Living in an Eco Neighbourhood
By Davie Phillip
A peek inside the Cloughjordan Community
In this regular column, Davie Philip from ‘Cultivate’ explores how we make the transition to a more sustainable way of life, one that is community based, ethical, healthy and resilient.
For the last two years of this column, I have been exploring how we can make our communities better places to live and how we might develop the resilience to cope and adapt to the challenges ahead. I’ve looked at cooperative approaches to creating livelihoods and growing food, explored how we nurture healthier approaches to living together and introduced tools to make the transition to a better world.
Most of the things I have been talking about here in Positive Life are being applied and developed in the small village of Cloughjordan where I live and work. Although I often refer to the Ecovillage project in these articles, I have never really introduced what is actually going on in this little corner of North Tipperary.
Cloughjordan is a heritage village located less than two hours from Dublin and is reachable by train. In the past the village had suffered from population decline and some of its key services were under threat before the ecovillage project first arrived in 2003.
The project has now attracted over 65 families to move to Cloughjordan contributing to the flourishing of the whole village and is now seen as one of the healthiest communities in Ireland. In the last two years, it has won the National Green Community Award, in 2012 was voted runner up in an ‘Irish Times’ contest looking for the ‘Best Place to Live in Ireland’ and this year has been nominated for an Irish Pride of Place award and a UN award for liveable communities.
The term ecovillage is actually a little misleading, as we are very much a neighborhood that is experimenting with good practice in community regeneration. Our main pedestrian entrance is in the centre of Cloughjordan’s Main Street. The ecovillage is a mixed-use development and is being developed by Sustainable Projects Ireland, a registered educational charity and national NGO.
I was one of the first members of the project way back in 1999 a few years after I got into sustainability. The first meetings of the original members took place in the Dublin Food Coop where many of us were active, and the principles of cooperatives are core to our objectives. Our purpose is to develop a sustainable community that can serve as an education, enterprise and research resource for all.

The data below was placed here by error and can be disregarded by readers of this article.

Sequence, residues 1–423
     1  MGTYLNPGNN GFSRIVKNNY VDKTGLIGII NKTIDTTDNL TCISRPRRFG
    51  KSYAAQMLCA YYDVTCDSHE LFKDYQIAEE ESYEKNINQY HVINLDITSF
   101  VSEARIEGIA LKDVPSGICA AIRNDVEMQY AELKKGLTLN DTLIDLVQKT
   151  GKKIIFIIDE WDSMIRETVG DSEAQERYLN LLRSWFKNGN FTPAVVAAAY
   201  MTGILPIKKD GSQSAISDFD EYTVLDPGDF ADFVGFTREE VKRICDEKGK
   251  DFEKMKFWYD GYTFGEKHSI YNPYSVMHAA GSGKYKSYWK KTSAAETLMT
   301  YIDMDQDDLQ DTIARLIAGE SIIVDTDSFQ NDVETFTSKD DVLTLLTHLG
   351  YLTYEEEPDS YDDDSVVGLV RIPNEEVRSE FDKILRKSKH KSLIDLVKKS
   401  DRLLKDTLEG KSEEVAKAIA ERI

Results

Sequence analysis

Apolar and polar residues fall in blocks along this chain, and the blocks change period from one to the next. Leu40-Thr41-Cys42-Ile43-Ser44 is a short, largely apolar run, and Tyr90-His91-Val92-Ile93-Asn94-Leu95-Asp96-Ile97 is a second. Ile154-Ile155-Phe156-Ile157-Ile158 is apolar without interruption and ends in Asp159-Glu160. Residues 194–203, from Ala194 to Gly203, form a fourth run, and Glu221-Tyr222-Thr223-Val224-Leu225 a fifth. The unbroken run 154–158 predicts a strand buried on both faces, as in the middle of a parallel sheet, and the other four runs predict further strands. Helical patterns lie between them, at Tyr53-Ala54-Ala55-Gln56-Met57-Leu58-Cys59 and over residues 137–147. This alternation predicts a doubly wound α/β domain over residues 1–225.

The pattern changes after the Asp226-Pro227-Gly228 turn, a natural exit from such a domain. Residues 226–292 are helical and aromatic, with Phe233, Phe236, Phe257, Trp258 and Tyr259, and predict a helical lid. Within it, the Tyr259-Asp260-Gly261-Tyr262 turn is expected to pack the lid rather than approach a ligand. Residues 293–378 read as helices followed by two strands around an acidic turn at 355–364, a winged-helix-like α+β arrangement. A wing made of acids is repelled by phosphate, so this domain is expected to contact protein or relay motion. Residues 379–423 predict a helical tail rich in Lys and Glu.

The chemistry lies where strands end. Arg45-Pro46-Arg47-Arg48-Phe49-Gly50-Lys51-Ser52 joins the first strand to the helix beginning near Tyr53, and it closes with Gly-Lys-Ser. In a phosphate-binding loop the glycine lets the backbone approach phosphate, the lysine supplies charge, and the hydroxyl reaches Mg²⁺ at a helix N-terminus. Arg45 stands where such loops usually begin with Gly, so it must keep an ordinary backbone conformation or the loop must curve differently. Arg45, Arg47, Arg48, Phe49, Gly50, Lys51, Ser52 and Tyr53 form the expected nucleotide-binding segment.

We used a design system called ‘Permaculture’ to integrate the buildings, woodlands, agriculture and renewable energy elements within a living community on the 67 acre estate. Zoning for sustainable development and planning permission for 3 community buildings and 130 homes was granted in 2005, which included 16 live-work units to encourage livelihoods where people are living. Work began on the infrastructure in February 2007 and construction of the first homes began in March 2009. By March 2013 fifty households had moved into the eco-neighbourhood.
The energy performance of all the homes are well above the national average. Ireland’s only renewable energy district heating system has been installed, which includes the largest array of solar panels in Ireland. This has made significant savings of energy and a reduction in CO2 use.
Woodlands & Bio-Diversity
In one third of the estate 17,000 trees, mostly oak and ash were planted in 2011 and this will grow to become a community woodland. A Community orchard has been developed and an Apple Tree Walk with 78 different varieties of heritage apple trees from Irish Seed Savers included. Over 1000 heritage apple trees were also planted around the houses of the ecovillage as part of the edible landscape – this combines fruit and nut trees, berry bushes and herbs and will create privacy as well as producing a yield for residents. This is also essential for encouraging biodiversity.